This competition is nothing but vulgar, to say the least, especially in a country like ours where hunger is the living reality of millions, where every second child born is malnourished as reported by the 2010 global hunger index.
In a country like ours where ‘deaths without food’ is a day to day reality, holding a competition of food eating and calling it ‘death by food’ is, as cliched as it might sound, an insult to the actual hungry people or to be more specific the actual ‘hungriest people of India’.
It is disturbing to note that the participants are being referred to as the “hungriest people of India” to mean those who can consume the most is the hungriest. This redefinition of hungry is a step further in making the already invisible hungry non-existent in the consciousness of the people.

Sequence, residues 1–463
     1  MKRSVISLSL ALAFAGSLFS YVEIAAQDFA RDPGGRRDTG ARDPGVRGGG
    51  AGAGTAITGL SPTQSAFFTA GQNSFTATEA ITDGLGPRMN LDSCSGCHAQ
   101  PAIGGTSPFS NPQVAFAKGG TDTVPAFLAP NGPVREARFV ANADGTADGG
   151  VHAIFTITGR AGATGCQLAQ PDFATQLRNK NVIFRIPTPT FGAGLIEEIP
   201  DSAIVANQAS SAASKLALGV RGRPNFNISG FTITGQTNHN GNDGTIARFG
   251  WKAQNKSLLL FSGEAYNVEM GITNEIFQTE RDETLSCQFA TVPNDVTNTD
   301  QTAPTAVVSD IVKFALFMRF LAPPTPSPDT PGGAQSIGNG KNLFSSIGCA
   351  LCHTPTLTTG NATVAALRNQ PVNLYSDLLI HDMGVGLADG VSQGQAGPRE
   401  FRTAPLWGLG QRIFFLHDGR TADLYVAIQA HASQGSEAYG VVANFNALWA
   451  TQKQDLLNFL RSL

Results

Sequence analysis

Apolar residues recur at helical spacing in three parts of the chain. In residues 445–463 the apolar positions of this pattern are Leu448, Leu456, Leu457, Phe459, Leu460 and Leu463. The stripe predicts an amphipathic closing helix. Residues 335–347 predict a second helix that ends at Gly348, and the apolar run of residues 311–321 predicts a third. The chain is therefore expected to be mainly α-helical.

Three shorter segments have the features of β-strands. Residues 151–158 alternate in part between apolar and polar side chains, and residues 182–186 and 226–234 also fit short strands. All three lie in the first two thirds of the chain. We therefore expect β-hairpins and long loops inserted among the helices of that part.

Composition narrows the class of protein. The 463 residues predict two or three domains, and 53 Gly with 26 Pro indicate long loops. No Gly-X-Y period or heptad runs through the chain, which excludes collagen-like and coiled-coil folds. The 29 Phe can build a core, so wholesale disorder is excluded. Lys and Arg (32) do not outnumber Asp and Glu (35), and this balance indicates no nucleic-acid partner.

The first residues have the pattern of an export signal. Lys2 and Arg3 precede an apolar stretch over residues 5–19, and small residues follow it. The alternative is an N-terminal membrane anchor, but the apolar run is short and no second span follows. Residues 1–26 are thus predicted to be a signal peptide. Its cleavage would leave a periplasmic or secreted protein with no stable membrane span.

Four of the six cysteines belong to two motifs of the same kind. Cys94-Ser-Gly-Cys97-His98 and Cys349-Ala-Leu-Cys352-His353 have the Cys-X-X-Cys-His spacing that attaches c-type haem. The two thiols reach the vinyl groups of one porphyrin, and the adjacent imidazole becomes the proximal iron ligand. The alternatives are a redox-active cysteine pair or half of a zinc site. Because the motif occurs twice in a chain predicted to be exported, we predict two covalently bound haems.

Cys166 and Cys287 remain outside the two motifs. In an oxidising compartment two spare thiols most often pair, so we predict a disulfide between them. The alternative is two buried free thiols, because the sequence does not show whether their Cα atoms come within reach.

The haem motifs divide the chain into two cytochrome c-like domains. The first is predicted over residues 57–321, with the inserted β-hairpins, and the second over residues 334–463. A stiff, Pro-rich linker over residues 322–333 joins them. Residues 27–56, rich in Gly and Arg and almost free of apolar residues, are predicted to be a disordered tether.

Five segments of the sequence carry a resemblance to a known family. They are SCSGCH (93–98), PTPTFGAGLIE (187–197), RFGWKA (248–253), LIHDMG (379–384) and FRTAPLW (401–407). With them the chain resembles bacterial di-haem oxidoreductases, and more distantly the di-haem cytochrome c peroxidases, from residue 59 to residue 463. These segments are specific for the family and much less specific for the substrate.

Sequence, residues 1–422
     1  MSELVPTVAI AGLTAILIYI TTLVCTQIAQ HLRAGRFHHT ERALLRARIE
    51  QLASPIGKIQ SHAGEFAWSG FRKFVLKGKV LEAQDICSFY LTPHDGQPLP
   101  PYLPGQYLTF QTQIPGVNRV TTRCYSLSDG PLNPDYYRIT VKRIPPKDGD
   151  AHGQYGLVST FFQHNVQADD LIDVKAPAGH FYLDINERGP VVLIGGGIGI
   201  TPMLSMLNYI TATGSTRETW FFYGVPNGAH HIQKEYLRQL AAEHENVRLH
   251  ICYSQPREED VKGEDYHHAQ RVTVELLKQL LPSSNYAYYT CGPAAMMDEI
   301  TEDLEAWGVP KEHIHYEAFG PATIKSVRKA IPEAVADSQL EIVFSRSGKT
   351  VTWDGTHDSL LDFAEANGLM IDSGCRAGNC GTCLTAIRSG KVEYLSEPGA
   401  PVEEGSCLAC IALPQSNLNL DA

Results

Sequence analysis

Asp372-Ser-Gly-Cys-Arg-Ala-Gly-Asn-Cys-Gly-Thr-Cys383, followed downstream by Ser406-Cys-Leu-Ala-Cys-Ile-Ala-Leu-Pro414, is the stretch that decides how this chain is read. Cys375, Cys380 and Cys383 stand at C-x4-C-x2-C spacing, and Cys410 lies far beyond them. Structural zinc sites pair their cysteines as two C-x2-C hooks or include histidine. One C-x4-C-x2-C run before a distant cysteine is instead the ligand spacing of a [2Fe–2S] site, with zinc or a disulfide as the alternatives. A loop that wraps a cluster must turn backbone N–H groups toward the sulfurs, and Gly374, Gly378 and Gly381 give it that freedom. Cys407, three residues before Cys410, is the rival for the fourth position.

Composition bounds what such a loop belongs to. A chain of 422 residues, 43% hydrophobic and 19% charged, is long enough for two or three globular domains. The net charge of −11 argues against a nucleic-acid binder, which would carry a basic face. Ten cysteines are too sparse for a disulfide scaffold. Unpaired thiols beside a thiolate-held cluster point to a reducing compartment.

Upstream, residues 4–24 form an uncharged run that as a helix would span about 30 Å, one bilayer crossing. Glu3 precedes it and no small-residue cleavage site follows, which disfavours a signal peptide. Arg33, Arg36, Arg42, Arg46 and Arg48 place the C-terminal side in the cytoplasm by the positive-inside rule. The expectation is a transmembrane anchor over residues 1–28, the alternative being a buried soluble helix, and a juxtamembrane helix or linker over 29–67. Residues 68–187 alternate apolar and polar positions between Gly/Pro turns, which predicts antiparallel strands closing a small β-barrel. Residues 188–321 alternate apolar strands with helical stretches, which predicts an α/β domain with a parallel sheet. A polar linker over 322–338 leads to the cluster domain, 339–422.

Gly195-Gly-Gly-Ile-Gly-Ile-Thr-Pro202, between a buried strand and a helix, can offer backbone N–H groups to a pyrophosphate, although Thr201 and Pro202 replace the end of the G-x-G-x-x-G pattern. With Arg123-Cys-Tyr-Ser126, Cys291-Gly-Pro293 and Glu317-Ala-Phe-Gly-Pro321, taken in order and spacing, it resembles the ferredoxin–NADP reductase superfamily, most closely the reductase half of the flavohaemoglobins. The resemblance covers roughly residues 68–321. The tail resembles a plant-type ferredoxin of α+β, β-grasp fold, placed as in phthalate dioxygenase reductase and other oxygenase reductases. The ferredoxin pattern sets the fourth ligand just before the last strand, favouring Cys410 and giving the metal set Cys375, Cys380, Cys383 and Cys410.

In his fortnightly column titled Barefoot (in The Hindu) the Gandhi of our times Harsh Mander did a series of articles on hunger. One can never forget the stories of mothers training their kids to live with hunger, how to sleep hungry, mothers dipping their fingers in tobacco or some other intoxicant and keeping it in the child’s mouth when the child cries out of hunger and thus putting the child to sleep forcibly when hungry, or beating their kids until they sleep when they cry out of hunger, of women searching for undigested grain in the dung and burrowing in the stores of field rats.Harsh Mander’s team researching on hunger also came across a women from the Dalit Madiga caste in Andhra Pradesh who died of hunger. When she died the greatest regret of her son was that he couldn’t follow the custom of their caste i.e. to tie some grains of rice to the edge of the saree of a women who dies before she is buried in an unmarked grave. His mother was buried as she had lived- without a handful of rice.